Cancer means the growth of tumors. It’s a category that includes a broad range of (what your doctor calls) “diseases.” These include lymph system cancers called “lymphoma,” blood borne cancers like “leukemia,” and skin cancers such as “melanoma.” Obviously, not all cancers involve tumors.
As you will see, I do not believe cancer, or any other degenerative condition, is a “disease.” More accurately, it is a “reaction.” Usually, it is a reaction to the lifestyle choices you have made over the last several years. Where emotional trauma or root canal teeth are not involved, the cause is almost always diet.
About 3 to 4% of all cancers stem from inherited genes. The other 96 to 97% are caused by a breakdown in cellular communication. Attempts to explain the cause of this breakdown vary widely. Some say that “microbes” inside the cells create the cancer cells; others say “free radicals” damage the DNA; others say a coating of indigestible proteins on the cell membrane; others say a drop in the cell’s “voltage;” others say acidity. As you can see, the exact cause is not agreed upon by all experts.
One thing is certain: If your body (particularly your immune system) is healthy enough to fight off all the toxins it takes in or which reside in it, you don’t get the “reaction” called cancer.
One thing common to all cancers is damage to the DNA in the cell nucleus. This DNA is duplicated with every cell division. Average adults have 75 trillion cells in their body. Once again – 75,000,000,000,000 cells. 99% of the cells in our bodies are called “somatic” cells. All of our cells except brain and nerve cells get replaced thousands or hundreds of thousands of times during our lifetime. In seven years this process of cell division and death replaces virtually every cell in our bodies.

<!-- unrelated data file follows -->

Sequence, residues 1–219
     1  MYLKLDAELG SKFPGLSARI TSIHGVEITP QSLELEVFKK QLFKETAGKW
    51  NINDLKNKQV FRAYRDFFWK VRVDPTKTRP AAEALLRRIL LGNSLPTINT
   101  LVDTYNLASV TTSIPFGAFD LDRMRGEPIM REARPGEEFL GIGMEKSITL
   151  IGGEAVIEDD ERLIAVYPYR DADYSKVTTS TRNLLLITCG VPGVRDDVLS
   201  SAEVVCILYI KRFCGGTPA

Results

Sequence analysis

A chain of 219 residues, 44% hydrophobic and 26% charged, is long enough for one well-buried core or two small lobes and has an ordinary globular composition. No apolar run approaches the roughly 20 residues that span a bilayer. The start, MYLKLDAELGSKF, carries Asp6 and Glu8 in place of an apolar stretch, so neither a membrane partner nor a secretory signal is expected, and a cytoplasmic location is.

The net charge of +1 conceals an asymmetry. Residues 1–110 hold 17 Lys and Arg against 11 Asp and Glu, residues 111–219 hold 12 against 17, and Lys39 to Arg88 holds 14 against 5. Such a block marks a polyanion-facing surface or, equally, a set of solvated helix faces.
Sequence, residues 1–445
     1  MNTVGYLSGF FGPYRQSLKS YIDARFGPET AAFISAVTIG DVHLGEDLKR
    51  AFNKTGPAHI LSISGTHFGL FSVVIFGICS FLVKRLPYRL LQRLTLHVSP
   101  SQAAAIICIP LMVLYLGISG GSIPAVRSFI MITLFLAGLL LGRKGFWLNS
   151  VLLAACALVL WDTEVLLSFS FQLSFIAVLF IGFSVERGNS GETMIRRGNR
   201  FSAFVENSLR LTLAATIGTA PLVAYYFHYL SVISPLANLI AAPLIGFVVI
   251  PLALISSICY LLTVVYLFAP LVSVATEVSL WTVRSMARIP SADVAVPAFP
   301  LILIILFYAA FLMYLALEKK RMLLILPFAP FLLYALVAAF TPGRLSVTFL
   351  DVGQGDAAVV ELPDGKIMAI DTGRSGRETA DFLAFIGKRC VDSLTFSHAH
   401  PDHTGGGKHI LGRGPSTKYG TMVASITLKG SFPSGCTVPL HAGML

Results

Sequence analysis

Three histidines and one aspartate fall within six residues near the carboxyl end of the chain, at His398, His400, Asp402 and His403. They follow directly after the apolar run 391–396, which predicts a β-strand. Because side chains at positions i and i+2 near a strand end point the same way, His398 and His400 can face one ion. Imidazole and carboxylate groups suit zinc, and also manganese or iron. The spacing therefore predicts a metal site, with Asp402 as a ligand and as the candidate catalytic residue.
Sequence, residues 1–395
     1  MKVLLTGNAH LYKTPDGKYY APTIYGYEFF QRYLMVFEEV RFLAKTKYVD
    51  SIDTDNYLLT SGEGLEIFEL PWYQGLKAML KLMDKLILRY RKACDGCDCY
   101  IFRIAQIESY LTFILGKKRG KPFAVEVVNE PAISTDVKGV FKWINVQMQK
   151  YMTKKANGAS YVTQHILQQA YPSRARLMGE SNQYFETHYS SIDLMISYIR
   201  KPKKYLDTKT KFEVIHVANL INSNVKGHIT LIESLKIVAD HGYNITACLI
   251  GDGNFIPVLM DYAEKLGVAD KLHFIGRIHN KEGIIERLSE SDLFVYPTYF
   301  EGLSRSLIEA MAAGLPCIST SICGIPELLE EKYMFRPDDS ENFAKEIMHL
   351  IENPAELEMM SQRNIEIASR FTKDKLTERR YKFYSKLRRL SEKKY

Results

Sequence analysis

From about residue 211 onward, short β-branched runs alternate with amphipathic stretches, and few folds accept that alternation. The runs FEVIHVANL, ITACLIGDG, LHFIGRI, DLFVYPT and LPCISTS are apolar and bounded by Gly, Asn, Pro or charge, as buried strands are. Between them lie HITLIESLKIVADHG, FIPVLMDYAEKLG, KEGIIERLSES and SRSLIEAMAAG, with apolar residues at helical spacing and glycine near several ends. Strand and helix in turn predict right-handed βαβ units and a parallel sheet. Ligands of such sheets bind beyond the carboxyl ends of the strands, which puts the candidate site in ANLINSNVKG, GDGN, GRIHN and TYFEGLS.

Another way to look at this is that every day about 29 billion cells get replaced in our body. Why is this important? Because inevitably “mistakes” occur during this process, probably from one of the “causes” mentioned above. If these mistakes in the cell’s DNA occur only .003% (three thousandths of a percent) of the time, we produce a million cancer cells every day. This is probably conservative. A billion (with a “b”) cancer cells are about the size of the eraser on a pencil.
When a cell divides, the DNA in that cell is copied and passed on to the new cell. But the DNA in any one cell can become damaged. Pieces of the instructions on the genes can get knocked out or changed – mutated.
If this mutation occurs in the wrong place – in an active gene, for instance – it can disrupt the function of the cell, causing it to lose its ability to survive with normal “respiration.” Yes, each cell breathes in oxygen and breathes out energy.
Your beautiful body includes a regulatory system that is mind- boggling. For example, when you get a simple cut on your hand, your cells go to work to repair the damage. When enough cells have gathered around the cut to heal it, the cells stop dividing. Ever wonder why? Because there is a “suicide gene” in the DNA which says “Enough, already.”
Not only is the total number of cells kept in check, but also “proofreader” genes in the DNA look for abnormalities in the cell. When they find one, they either fix it or kill the cell. They are on duty 24/7. Isn’t this stuff amazing?